TikTok said to plan job cuts amid a wave of tech industry layoffs

FILE - The icon for the video sharing TikTok app is seen on a smartphone, on Feb. 28, 2023. European regulators slapped TikTok with a $368 million fine on Friday, Sept. 15, 2023, for failing to protect children's privacy, the first time that the popular short video-sharing app has been punished for breaching Europe's strict data privacy rules. (AP Photo/Matt Slocum, File)
TikTok is under threat of being banned in the U.S. under a new law. (Matt Slocum / Associated Press)

TikTok is expected to make cuts to its global staff, in another blow for the popular social video app as it faces the threat of a new law that would ban its service in the U.S. if its Chinese owner doesn't divest.

The layoffs are expected to affect employees in content and marketing and user operations, according to technology-focused news outlet the Information, which first reported on the looming job cuts. TikTok did not immediately respond to a request for comment.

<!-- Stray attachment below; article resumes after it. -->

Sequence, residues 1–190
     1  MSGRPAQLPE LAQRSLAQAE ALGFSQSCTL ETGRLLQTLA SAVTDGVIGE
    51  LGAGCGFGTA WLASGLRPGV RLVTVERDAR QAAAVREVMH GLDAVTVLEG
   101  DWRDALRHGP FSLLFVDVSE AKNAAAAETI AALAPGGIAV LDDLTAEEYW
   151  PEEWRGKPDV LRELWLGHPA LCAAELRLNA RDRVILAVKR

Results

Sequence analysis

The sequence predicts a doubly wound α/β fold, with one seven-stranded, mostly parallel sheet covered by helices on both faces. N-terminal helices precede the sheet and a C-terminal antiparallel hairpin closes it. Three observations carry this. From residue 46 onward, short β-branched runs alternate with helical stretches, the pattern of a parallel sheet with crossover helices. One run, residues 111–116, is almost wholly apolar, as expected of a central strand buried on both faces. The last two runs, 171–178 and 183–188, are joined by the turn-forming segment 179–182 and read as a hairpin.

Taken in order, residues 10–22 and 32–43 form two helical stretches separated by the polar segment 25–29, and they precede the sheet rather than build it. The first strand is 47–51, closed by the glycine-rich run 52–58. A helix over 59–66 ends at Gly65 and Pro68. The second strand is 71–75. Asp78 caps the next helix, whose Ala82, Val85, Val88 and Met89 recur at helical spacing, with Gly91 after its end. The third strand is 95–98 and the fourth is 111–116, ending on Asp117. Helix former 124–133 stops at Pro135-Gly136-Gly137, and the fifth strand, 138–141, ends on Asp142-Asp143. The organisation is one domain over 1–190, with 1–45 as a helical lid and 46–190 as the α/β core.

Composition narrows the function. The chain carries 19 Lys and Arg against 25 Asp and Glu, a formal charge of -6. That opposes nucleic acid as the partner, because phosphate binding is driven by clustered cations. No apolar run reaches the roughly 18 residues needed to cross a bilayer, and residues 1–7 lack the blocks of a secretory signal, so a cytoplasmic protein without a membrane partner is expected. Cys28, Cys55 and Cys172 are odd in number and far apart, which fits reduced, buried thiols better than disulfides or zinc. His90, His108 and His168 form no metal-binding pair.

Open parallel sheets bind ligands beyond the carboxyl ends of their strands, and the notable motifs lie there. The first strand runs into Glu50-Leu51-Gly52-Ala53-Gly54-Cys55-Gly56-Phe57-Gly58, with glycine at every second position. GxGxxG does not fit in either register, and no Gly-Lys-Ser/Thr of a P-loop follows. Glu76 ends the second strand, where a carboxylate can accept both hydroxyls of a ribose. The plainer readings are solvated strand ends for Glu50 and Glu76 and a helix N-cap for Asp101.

Some U.S. leaders have raised security concerns about TikTok and its parent company ByteDance's ties to China. ByteDance and TikTok have said the new law “offers no support for the idea” that TikTok’s Chinese ownership poses national security risks.

An unnamed TikTok employee told CNN that the workforce reduction was not related to the potential ban in the U.S.

Read more: TikTok creators sue U.S. government in a bid to stop potential ban

The cuts come as tech companies have shed their workforce this year to reduce their costs and, in some cases, prepare to hire more people skilled in emerging artificial intelligence tech.

It's unclear how many layoffs will occur at TikTok's U.S. headquarters in Culver City. TikTok employs roughly 500 people in Culver City, according to city data.

TikTok has launched legal battles to stop the government from going forward with its ban of the company's U.S. operations. The firm sued the U.S. government and funded a separate legal challenge led by TikTok creators. Both petitions said the move to ban or force a sale of the app violates 1st Amendment free speech protections.

Sign up for our Wide Shot newsletter to get the latest entertainment business news, analysis and insights.

This story originally appeared in Los Angeles Times.